Terrence McNally died on Tuesday from complications related to the novel coronavirus. Matthew Lopez, the playwright behind “The Inheritance” and “The Legend of Georgia McBride,” spoke to The Times through tears from upstate New York, paying tribute to the theater giant in this edited remembrance, as told to Times staff writer Ashley Lee.
I first accessed Terrence by watching the Tonys in the ’90s, when it basically just became an annual tradition to give Terrence a Tony Award, between “Kiss of the Spider Woman,” “Love! Valour! Compassion!” “Master Class” and “Ragtime.” I remember the year that “Love! Valour! Compassion!” won — I was not yet out but just starting to understand that I was gay. That play was important to me without actually realizing why. Even though there really wasn’t any character that resembled me or my life, it didn’t matter because I found a common humanity with them. Terrence’s writing helped me be OK with being gay, it comforted me. He reached out and he spoke to me.
Growing up in the ’80s and ’90s and in the very conservative panhandle of Florida — an area of the country that was really hostile to the queer community — there wasn’t a lot of comforting voices for young queer kids, but Terrence was one of them for me. He was the first writer to show me there was more to being a gay man than dying of AIDS, that there was more to being a gay man than living tragically and dying tragically. Terrence taught me that it’s possible to live a life filled with dignity as a gay man. That was his great gift not just to the queer community but to all of humanity.
The one thing no one ever got about “The Inheritance” was that I wasn’t chasing Tony Kushner, I was chasing Terrence. Terrence was the spiritual godfather of that play. None of the critics, whether praising or critiquing the play, ever saw it. But Terrence did. And that made me incredibly proud.
I do not exaggerate when I say I wouldn’t be a writer today if Terrence McNally hadn’t encouraged me to write. When I moved to New York, I sent out a bunch of letters to different people in theater, asking for work and advice. Hal Prince suggested I reach out to Terrence, who invited me to assist him in a workshop of the musical “A Man of No Importance.”
It was so clear that Terrence had no need of an assistant whatsoever, and the reason he was doing it was because I asked. That was Terrence. He encouraged questions and would ask me things too: Do you see why we’re cutting that line? Do you understand that decision we just made? He encouraged questions. It was like a two-week master class; my job really was to watch, observe and learn.
In exchange for the “work” that I did for him, he read one of my plays. I remember telling him I wasn’t sure if I was a writer or not, and I just needed someone’s opinion. About a week after I sent something to him, I got a very long, very detailed voicemail from him in which he praised my work, critiqued my work, challenged my work and encouraged me. He ended the voicemail with, “I can assure you that you are a writer, and you need to keep writing.”
I doubt Terrence would’ve ever said, “You’re terrible, go into another line of work, you should really think about dental school” — and if he did, I probably would be a dentist to this day — but it was the encouragement that I needed. That piece of writing turned into “The Whipping Man,” the play that started my career. He was at the opening night. I remember asking him if he remembered reading that, and he goes, “Absolutely. Why do you think I’m here?”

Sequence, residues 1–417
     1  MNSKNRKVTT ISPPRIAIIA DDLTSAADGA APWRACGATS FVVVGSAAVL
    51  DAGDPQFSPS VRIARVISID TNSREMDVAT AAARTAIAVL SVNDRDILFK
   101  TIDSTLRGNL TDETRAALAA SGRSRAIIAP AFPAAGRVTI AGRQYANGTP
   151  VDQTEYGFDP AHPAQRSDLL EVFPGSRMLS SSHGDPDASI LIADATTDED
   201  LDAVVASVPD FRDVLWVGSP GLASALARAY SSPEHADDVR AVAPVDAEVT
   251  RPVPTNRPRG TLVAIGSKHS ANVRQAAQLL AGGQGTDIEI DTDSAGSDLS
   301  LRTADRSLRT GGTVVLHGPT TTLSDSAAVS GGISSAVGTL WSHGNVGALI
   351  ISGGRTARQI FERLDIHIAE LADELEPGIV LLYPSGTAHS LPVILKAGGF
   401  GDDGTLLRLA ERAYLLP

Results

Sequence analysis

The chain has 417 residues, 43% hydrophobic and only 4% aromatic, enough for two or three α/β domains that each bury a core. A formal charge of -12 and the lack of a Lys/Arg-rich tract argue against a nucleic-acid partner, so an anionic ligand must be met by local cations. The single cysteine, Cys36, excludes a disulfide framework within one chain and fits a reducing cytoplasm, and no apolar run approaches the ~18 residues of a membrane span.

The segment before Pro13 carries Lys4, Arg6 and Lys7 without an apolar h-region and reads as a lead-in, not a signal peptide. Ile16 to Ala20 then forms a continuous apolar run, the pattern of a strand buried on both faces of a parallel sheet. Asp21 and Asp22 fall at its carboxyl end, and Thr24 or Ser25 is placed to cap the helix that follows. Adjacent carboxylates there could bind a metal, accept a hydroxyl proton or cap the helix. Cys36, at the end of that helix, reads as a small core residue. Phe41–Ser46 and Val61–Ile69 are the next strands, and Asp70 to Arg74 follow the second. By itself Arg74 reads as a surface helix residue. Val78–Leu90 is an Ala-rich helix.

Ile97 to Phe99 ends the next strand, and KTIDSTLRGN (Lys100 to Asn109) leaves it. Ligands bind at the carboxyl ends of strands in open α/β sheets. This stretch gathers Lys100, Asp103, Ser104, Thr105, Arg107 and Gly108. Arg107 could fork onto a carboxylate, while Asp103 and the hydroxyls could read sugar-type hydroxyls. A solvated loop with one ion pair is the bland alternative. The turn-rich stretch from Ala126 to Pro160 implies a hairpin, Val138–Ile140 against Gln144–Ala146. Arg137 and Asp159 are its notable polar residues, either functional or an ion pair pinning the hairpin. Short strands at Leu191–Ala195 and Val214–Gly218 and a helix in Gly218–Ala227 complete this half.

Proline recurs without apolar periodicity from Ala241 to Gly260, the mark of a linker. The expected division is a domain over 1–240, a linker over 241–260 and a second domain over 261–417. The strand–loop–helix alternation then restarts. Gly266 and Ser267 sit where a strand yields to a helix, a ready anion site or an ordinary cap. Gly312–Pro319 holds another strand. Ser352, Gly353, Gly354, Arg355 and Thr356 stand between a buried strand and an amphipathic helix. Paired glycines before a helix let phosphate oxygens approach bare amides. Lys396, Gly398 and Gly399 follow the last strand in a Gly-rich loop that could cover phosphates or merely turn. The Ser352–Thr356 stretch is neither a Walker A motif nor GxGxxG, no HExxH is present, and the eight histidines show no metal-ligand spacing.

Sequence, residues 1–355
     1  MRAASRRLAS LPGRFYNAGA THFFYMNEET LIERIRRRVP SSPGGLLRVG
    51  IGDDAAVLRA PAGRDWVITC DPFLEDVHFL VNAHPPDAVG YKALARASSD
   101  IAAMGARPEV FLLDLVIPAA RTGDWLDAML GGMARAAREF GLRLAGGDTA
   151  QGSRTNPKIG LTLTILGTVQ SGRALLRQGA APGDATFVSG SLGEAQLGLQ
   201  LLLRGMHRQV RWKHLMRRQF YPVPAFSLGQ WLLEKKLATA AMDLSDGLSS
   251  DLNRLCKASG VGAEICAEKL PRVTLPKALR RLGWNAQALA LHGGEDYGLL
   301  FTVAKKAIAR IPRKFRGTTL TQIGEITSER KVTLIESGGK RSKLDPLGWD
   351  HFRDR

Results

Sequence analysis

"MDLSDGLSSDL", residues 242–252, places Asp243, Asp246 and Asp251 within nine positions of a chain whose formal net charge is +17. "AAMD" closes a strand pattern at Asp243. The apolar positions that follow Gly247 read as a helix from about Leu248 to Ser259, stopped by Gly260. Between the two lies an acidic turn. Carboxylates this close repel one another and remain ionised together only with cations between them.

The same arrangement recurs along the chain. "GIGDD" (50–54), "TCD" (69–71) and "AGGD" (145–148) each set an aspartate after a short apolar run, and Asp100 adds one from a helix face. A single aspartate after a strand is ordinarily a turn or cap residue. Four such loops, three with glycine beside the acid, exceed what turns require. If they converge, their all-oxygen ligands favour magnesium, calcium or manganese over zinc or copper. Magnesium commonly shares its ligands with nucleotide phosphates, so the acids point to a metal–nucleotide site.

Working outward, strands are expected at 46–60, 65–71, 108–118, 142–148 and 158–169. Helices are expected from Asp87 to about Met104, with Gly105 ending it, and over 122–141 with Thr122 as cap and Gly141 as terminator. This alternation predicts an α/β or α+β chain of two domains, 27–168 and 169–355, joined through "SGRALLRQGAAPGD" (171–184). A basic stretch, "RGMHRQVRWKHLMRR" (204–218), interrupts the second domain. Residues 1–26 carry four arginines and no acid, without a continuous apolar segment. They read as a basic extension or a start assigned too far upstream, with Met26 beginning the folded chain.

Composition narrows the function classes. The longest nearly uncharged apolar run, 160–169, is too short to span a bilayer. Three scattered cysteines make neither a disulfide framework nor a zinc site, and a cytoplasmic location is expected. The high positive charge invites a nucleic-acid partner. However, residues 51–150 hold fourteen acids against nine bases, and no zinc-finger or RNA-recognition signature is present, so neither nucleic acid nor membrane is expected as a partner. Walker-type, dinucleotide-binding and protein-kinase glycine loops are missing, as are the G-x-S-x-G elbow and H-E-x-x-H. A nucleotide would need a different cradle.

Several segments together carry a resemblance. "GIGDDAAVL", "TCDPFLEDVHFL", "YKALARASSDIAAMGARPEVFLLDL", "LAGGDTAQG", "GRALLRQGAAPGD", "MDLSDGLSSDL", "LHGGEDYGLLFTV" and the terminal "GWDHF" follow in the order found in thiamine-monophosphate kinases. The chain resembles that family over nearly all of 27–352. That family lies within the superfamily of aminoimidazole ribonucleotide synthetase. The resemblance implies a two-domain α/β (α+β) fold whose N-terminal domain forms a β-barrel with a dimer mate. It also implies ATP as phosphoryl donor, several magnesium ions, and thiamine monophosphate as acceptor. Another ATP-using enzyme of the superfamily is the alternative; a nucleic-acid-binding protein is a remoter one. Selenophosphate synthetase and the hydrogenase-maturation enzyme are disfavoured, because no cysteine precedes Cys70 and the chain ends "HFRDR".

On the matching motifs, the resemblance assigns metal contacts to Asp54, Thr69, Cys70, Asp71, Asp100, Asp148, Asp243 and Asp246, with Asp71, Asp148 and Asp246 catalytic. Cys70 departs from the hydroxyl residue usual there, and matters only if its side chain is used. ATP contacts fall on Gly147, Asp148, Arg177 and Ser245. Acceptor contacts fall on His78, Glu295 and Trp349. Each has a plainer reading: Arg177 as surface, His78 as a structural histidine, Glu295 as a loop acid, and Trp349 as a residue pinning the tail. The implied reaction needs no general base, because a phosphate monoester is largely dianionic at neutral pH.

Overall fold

Terrence was always so lovingly blunt. “This is really interesting; this, I have no use for.” I’m sure his honesty cuts both ways, but you always knew where you stood with him and you could always trust him, as a person and an artist. He would never lie to his audience. And it was because he was so honest and trustworthy as a storyteller that you believed him. He really could bring you as an audience to places that you never would’ve expected to go at the beginning of a particular story.
More than any other playwright of his generation, he had the ability to look honestly at the world and not ignore its flaws but to actually see the beauty in the flaws. Terrence never ever sugarcoated anything, and yet, because of who he was as a person and a writer, he was able to find a tremendous beauty in the unlikeliest of places. I think that will be his great legacy.
If anybody who’s not familiar with the work of Terrence McNally is wondering why his death matters, it’s because his whole life and his work was in service of moments just like these. And while I am heartbroken today, I’m also so grateful that he left behind a mountain of work that speaks to the very time that we live in. It’s a reminder to us that when we are eventually on the other side of this horrible, horrible experience that all of the world is going through right now, we will remember to find beauty.
He taught us how to be human in the face of heartbreak, how to find compassion for one another and for ourselves. He gave us a road map for how to be a survivor and how to honor those we lost. Terrence taught us, through his writing, how to remember him and how to mourn him. And we can extrapolate that not just for Terrence’s life but to the lives of all of those who are being lost right now.
In the last lines of “The Inheritance,” Henry says to Walter, “What do I do now, Walter? Tell me what to do.” And Walter says, “You do what they could not — you live.” I think, in some ways, those lines are the summation of the lessons that I’ve learned from Terrence — as a gay man, as a dramatist, as a human being.